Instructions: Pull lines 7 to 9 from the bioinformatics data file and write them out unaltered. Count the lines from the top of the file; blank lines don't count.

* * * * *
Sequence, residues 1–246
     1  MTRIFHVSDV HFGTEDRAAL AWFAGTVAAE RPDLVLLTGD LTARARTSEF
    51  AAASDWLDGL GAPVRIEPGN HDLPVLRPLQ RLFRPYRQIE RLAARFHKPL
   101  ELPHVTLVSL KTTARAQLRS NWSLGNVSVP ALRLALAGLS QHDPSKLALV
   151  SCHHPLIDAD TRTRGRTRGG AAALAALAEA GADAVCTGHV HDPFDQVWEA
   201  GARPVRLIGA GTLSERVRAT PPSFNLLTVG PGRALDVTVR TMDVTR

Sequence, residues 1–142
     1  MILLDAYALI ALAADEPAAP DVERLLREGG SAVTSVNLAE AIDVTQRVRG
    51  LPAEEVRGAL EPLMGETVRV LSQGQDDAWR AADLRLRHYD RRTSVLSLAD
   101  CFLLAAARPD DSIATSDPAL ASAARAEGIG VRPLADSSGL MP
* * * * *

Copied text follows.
Sequence, residues 1–142
     1  MILLDAYALI ALAADEPAAP DVERLLREGG SAVTSVNLAE AIDVTQRVRG
    51  LPAEEVRGAL EPLMGETVRV LSQGQDDAWR AADLRLRHYD RRTSVLSLAD